The Tale of Terror eBook

Edith Birkhead
This eBook from the Gutenberg Project consists of approximately 261 pages of information about The Tale of Terror.
abbeys is but another manifestation of the Fate-Moon, which shines, foreboding death, after Thorgunna’s funeral, in the Icelandic saga.  The witchcraft and demonology that attracted Scott and “Monk” Lewis, may be traced far beyond Sinclair’s Satan’s Invisible World Discovered (1685), Bovet’s Pandemonium or the Devil’s Cloyster Opened (1683), or Reginald Scot’s Discovery of Witchcraft (1584) to Ulysses’ invocation of the spirits of the dead,[13] to the idylls of Theocritus and to the Hebrew narrative of Saul’s visit to the Cave of Endor.  There are incidents in The Golden Ass as “horrid” as any of those devised by the writers of Gothic romance.  It would, indeed, be no easy task to fashion scenes more terrifying than the mutilation of Socrates in The Golden Ass, by the witch, who tears out his heart and stops the wound with a sponge which falls out when he stoops to drink at a river, or than the strange apparition of a ragged, old woman who vanishes after leading the way to the room, where the baker’s corpse hangs behind the door.  Though the title assumes a special literary significance at the close of the eighteenth century, the tale of terror appeals to deeply rooted instincts, and belongs, therefore, to every age and clime.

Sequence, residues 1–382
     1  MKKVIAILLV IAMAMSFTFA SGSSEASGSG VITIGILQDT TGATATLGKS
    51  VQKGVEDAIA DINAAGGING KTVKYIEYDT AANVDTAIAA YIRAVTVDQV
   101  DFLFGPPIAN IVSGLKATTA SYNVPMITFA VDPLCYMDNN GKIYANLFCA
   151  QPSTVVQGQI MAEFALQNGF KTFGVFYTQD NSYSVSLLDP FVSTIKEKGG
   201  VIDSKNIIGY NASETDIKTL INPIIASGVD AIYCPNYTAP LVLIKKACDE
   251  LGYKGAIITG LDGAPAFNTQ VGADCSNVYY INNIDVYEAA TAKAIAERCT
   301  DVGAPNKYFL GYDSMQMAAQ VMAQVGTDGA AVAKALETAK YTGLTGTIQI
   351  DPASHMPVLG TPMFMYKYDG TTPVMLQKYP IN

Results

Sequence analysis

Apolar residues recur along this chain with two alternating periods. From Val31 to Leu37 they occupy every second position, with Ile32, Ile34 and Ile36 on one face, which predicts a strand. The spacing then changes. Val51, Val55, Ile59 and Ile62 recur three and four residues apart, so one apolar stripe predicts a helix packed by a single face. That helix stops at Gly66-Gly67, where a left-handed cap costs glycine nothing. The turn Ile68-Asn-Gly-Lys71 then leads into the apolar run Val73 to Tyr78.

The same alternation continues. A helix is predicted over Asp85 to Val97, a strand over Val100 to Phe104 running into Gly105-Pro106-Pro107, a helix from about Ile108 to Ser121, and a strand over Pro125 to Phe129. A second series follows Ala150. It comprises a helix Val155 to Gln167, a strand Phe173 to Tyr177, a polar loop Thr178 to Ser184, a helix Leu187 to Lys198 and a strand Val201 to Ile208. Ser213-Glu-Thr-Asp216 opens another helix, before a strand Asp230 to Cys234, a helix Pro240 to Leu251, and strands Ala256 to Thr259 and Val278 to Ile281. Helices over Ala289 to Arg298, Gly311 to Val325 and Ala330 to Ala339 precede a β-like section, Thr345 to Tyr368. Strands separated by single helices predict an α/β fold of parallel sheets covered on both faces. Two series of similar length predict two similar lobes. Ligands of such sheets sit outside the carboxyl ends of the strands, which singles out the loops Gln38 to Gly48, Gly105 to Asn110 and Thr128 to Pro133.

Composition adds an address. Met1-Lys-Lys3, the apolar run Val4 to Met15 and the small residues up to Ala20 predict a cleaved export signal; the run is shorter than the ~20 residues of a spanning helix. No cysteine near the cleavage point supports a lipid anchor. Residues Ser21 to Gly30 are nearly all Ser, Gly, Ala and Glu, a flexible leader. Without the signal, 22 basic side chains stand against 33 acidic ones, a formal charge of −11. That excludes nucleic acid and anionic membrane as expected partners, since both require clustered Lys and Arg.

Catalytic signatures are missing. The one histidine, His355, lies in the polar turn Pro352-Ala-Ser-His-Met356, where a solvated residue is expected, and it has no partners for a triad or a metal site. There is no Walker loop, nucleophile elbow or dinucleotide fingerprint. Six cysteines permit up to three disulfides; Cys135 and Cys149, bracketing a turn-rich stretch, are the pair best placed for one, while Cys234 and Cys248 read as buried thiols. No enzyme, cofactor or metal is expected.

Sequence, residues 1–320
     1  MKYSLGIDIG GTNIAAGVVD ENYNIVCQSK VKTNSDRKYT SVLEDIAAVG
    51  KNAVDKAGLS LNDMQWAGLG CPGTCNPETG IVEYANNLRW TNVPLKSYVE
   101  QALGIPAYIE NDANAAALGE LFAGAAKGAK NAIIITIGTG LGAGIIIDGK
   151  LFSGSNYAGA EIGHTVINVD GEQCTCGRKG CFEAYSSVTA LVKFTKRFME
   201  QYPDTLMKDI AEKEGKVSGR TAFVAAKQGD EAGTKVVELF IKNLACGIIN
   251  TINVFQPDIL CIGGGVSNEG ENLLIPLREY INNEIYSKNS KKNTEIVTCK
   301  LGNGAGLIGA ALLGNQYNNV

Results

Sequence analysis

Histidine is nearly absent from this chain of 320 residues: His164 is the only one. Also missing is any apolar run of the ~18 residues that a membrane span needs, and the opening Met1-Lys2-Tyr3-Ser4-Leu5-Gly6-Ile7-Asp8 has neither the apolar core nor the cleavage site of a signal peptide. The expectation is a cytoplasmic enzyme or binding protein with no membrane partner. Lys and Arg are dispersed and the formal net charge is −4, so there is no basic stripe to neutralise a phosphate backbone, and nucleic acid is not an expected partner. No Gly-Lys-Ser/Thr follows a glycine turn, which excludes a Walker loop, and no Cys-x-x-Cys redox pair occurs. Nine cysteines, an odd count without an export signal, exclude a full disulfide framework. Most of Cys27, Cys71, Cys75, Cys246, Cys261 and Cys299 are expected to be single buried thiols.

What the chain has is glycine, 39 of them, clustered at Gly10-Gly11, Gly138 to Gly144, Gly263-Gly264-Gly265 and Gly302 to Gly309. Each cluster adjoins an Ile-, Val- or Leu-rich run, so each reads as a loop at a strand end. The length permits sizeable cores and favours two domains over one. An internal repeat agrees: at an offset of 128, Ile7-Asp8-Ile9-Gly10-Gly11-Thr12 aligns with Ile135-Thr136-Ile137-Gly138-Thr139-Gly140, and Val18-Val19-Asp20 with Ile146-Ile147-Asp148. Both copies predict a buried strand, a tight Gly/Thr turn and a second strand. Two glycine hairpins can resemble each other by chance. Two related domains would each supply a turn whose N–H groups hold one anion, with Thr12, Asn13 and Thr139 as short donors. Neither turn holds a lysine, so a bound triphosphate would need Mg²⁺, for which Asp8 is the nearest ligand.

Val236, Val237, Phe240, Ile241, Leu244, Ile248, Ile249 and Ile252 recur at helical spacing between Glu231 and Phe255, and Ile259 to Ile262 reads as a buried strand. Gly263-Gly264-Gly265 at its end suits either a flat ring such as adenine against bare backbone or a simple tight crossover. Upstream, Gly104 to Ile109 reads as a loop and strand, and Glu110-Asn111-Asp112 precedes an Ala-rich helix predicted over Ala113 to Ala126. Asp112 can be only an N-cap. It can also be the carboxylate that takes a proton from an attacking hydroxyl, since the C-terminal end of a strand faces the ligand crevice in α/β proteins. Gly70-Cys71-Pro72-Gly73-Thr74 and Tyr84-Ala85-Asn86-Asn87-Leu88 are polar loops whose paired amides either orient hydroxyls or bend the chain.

To Horace Walpole, whose Castle of Otranto was published on Christmas Eve, 1764, must be assigned the honour of having introduced the Gothic romance and of having made it fashionable.  Diffident as to the success of so “wild” a story in an age devoted to good sense and reason, he sent forth his mediaeval tale disguised as a translation from the Italian of “Onuphrio Muralto,” by William Marshall.  It was only after it had been received with enthusiasm that he confessed the authorship.  As he explained frankly in a letter to his friend Mason:  “It is not everybody that may in this country play the fool with impunity."[14] That Walpole regarded his story merely as a fanciful, amusing trifle is clear from the letter he wrote to Miss Hannah More reproving her for putting so frantic a thing into the hands of a Bristol milkwoman who wrote poetry in her leisure hours.[15] The Castle of Otranto was but another manifestation of that admiration for the Gothic which had found expression fourteen years earlier in his miniature castle at Strawberry Hill, with its old armour and “lean windows fattened with rich saints."[16] The word “Gothic” in the early eighteenth century was used as a term of reproach.  To Addison, Siena Cathedral was but a “barbarous” building, which might have been a miracle of architecture, had our forefathers “only been instructed in the right way."[17] Pope in his Preface to Shakespeare admits the strength and majesty of the Gothic, but deplores its irregularity.  In Letters on Chivalry and Romance, published two years before The Castle of Otranto,

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The Tale of Terror from Project Gutenberg. Public domain.
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